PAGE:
On the 282nd day of the conflict in Ukraine, the Russian military is struggling to keep up with the Ukraine as the winter sets in.
The Russian forces are pushing hard to capture Bakhmut in the Donbas but are failing at the cost of thousands of troops.
Russian Casualties in Ukraine: Updated
The Russian military continues to suffer heavy casualties in the war.
In November alone, the Russian forces lost more than 15,000 men killed in action and hundreds of tanks, armored personnel carriers, artillery pieces, and other weapon systems.
Overall, the Ukrainian Ministry of Defense claimed that as of Saturday, Ukrainian forces have killed approximately 90,600 Russian troops (and wounded approximately twice to thrice that number), destroyed 280 fighter, attack, bomber, and transport jets, 263 attack and transport helicopters, 2,917 tanks, 1,906 artillery pieces, 5,886 armored personnel carriers and infantry fighting vehicles, 395 Multiple Launch Rocket Systems (MLRS), 16 boats and cutters, 4,472 vehicles and fuel tanks, 210 anti-aircraft batteries, 1,572 tactical unmanned aerial systems, 163 special equipment platforms, such as bridging vehicles, and four mobile Iskander ballistic missile systems, and 531 cruise missiles shot down by the Ukrainian air defenses.
Patriot Anti-Aircraft Weapons to Ukraine?
Russia’s repeated drone and missile attacks against the Ukrainian urban centers and critical infrastructure since September have caused significant damage to Kyiv.
Millions of Ukrainians are without electricity, internet service, and heat. With the heavy Ukrainian winter just around the corner, the effects of the Russian missile attacks are magnified.
The U.S. and other NATO countries have sent anti-aircraft weapon systems and sensors to Ukraine to bolster its air defense capabilities.
Ukraine has been specifically asking for the MIM-104 Patriot missile defense system, which is the main anti-aircraft weapon system in the U.S. military and in widespread use in NATO.
However, the U.S. has been reluctant to send the weapon system to Ukraine.
“In terms of any type of Patriot battery from the U.S. Right now, we have no plans to provide Patriot batteries to Ukraine. But again, we’ll continue to have those discussions. And when and if there’s something to announce on that front, we will,” Pentagon Press Secretary Air Force Brigadier General Pat Ryder said recently during a press briefing.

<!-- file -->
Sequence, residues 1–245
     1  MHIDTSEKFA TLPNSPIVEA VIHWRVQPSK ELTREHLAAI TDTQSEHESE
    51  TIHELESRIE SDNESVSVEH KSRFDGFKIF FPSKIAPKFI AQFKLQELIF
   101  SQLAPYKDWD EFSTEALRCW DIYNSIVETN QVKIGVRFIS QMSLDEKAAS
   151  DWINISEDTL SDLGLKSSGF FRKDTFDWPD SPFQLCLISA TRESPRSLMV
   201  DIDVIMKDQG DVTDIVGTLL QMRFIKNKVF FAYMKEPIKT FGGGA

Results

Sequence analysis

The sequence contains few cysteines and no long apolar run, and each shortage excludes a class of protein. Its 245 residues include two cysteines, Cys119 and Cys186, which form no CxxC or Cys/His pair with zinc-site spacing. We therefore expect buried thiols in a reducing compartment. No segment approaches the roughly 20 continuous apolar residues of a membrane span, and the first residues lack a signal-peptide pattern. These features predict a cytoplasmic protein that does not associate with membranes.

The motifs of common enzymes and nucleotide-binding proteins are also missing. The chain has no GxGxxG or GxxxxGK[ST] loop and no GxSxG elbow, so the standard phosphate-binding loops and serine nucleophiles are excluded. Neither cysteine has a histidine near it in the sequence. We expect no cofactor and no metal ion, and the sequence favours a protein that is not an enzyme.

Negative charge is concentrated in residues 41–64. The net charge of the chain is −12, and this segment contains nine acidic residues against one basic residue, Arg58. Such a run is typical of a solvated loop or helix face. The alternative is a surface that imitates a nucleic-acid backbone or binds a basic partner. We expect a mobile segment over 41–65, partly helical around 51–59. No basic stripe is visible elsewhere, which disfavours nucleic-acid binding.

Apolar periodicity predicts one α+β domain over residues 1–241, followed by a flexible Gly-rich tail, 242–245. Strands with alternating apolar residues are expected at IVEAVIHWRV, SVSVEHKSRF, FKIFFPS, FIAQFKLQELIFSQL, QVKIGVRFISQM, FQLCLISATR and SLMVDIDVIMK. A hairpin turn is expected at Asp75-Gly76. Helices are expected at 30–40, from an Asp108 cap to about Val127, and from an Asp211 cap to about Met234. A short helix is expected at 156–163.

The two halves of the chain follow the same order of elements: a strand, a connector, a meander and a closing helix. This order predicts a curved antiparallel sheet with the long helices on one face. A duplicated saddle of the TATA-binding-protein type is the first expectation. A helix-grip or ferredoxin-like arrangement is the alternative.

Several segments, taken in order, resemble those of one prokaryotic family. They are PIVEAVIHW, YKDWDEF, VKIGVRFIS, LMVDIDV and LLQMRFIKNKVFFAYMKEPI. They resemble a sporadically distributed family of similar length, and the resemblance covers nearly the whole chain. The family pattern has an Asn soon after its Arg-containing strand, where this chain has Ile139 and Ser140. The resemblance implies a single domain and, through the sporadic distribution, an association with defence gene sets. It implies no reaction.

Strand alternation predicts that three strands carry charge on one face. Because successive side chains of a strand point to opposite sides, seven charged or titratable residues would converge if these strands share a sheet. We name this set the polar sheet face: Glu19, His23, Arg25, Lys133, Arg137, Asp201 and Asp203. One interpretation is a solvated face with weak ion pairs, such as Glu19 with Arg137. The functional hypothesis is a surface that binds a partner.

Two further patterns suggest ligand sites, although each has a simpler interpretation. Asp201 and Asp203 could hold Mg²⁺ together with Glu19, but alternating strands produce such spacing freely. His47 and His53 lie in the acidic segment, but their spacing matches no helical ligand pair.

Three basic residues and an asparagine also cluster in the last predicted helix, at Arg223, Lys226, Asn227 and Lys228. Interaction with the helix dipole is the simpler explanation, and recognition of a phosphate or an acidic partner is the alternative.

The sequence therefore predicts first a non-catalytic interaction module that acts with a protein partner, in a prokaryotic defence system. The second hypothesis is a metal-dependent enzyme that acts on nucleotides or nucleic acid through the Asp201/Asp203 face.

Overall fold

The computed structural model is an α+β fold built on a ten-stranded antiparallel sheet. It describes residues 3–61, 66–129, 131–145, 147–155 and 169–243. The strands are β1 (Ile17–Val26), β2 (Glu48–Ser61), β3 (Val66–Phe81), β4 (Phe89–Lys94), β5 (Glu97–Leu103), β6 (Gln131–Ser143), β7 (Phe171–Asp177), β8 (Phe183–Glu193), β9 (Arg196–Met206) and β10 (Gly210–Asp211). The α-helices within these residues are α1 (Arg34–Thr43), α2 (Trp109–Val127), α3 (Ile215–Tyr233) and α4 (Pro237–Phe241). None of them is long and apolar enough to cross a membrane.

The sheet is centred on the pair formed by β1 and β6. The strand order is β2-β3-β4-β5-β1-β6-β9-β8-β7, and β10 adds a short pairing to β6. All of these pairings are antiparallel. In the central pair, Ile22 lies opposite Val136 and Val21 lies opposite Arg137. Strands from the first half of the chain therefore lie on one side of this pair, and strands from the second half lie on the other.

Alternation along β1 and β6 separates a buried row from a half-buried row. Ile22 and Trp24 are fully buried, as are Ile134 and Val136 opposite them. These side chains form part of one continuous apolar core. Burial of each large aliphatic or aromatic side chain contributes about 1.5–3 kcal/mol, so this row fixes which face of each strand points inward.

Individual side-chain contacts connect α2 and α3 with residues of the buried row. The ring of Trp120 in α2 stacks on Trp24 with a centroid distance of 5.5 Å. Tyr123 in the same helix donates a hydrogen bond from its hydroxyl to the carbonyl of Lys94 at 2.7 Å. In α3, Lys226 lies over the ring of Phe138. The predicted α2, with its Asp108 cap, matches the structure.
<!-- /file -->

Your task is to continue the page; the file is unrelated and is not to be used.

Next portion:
Ryder added that the Pentagon is in close consultation with the Ukrainians to ensure that their needs are met within reason.
Germany has forward deployed the Patriot missile defense system to Poland after a Russian missile that was intercepted by Ukraine crashed into Poland and killed two civilians.
But the Pentagon did send the MIM-23 Hawk anti-aircraft weapon system, a medium-range surface-to-air weapon system, and the AN/TWQ-1 Avenger, a short-range air defense system.
The U.S. military has also sent thousands of FIM-92 Stinger shouldered-fired anti-aircraft missiles.
“Hawk is a mobile, medium range air defense capability to deny Russian aircraft and missiles flying at high altitudes. The missiles will compliment Spain’s recent commitment of Hawk launchers. Avenger is a mobile, short-range air defense system that will improve Ukraine’s ability to protect Ukrainian troops and critical infrastructure against unmanned aerial systems and helicopters,” a senior U.S. defense official said.
Expert Biography: A 19FortyFive Defense and National Security Columnist, Stavros Atlamazoglou is a seasoned defense journalist specializing in special operations, a Hellenic Army veteran (national service with the 575th Marine Battalion and Army HQ), and a Johns Hopkins University graduate. His work has been featured in Business Insider, Sandboxx, and SOFREP.